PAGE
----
Playlist: Camilo Lara, Mexican Institute Of Sound, Mexico City
Being the big music fans that we are, we knew that it would be sacrilegious to stay in New York’s East Village and not take in some live music. Little did we know that a chance encounter at a local gig would take us down Mexico way…
Some of our favourite bands earned their live music credentials in Lower Manhattan. A few blocks away from our apartment the Talking Heads, The Ramones and Blondie plied their initially not-so accepted offerings at the long-lamented CBGB club – a fate that nearly awaited Cactus Café in Austin when we visited a couple of weeks later.
Given that we were visiting various destinations in Latin America on this year’s grand tour, we decided to take the opportunity to see a showcase gig of the Latin Alternative Music Conference, being held nearby at the Bowery Ballroom. The show was interesting, though not exactly sparkling, and after seeing a handful of bands we were thinking about calling it a night when the Mexican Institute of Sound hit the stage.
Fronted by the energetic, pork pie hat-wearing frontman Camilo Lara, and a clearly over-caffeinated Money Mark (who has made significant contributions to the Beastie Boys and Beck) the high energy set was a riot of cut up sounds, big beats, and Money Mark running around on stage like there was a dog chasing him. It was wild. We were hooked.
Lara spoke to Camilo after the gig, told him we loved their performance and that we would soon be in Mexico City. He gave her his email address and offered to give us some tips when we got there.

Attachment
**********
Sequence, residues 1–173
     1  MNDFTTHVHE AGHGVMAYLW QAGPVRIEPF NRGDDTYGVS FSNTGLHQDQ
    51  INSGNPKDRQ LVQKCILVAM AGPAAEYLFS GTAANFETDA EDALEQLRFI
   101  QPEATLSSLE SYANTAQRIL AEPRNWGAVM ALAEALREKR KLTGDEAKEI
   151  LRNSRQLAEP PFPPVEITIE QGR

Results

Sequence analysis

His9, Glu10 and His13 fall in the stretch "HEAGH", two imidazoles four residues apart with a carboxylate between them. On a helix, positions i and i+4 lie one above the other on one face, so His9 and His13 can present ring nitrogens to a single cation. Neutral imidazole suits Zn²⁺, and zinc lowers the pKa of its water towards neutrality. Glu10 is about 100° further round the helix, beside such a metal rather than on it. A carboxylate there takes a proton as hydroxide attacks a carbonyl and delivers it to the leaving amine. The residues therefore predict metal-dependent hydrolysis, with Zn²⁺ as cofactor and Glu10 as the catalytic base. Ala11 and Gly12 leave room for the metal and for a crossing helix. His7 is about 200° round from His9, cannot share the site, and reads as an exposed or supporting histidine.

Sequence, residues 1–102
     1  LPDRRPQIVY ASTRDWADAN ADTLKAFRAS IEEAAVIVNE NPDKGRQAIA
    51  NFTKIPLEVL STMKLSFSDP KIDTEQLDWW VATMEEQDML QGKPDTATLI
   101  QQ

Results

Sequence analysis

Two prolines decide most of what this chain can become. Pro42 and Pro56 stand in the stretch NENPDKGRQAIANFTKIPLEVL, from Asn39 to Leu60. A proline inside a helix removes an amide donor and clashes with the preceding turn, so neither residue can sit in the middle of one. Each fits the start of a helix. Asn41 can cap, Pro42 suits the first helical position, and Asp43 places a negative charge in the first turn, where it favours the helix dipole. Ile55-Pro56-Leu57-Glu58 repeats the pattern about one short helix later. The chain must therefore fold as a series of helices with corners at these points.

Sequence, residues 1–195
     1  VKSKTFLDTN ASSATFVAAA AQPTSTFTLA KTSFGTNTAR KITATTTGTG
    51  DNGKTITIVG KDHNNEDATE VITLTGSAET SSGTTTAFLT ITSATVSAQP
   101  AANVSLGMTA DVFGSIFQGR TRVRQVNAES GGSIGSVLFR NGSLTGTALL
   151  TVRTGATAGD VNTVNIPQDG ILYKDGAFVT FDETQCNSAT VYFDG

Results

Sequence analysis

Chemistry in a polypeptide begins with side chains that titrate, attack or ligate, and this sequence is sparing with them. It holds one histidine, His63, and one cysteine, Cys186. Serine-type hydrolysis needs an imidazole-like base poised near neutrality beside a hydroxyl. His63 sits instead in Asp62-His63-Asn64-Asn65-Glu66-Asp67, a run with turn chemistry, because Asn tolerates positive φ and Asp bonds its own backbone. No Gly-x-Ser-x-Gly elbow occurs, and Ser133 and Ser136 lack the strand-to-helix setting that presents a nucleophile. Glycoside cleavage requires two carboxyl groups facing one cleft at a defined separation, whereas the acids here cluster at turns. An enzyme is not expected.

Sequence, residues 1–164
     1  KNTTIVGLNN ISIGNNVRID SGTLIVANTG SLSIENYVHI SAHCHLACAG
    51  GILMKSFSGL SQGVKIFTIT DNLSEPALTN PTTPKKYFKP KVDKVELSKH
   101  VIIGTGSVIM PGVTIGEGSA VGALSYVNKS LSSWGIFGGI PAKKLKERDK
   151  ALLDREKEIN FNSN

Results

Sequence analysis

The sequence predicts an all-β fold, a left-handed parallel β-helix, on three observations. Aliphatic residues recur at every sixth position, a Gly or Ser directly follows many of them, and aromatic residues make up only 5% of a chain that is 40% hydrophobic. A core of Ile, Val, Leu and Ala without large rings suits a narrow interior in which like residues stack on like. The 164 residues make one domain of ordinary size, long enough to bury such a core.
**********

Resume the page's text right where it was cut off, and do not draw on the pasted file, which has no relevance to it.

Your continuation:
Four weeks later, Camilo opened the door to his lovely art deco home in the hip neighbourhood of Roma in Mexico City, and showed us up to his studio. Filled with keyboards of mind-blowing vintages and crammed with all kinds of kitschy-cool paraphernalia it reminded us of the home studio I once had.
We laughed about the New York gig – not only at Money Mark’s manic performance, but also at the sight of Camilo’s brother Marcelo in spandex (he’s in the successful Mexican glam rock parody band, Moderatto, who gave a hilarious performance that bewildered most of the audience) – and we chatted about music.
It didn’t take long before Camilo started plying me with questions about my musical tastes and we hit it off as obsessive fans of quirky English band XTC, a band beloved by critics and musicians.
Like most good musicians, Camilo is a total music geek. He has some 45,000 vinyl records in his house, for starters! It doesn’t take long to quickly appreciate that he’s a thoughtful guy who soaks up music and culture like a sponge and then recycles it through his own unique filter, creating sound collages that alternatively have your head spinning or nodding to the brilliant beats. The music of Mexican Institute of Sound is both cerebral and fun.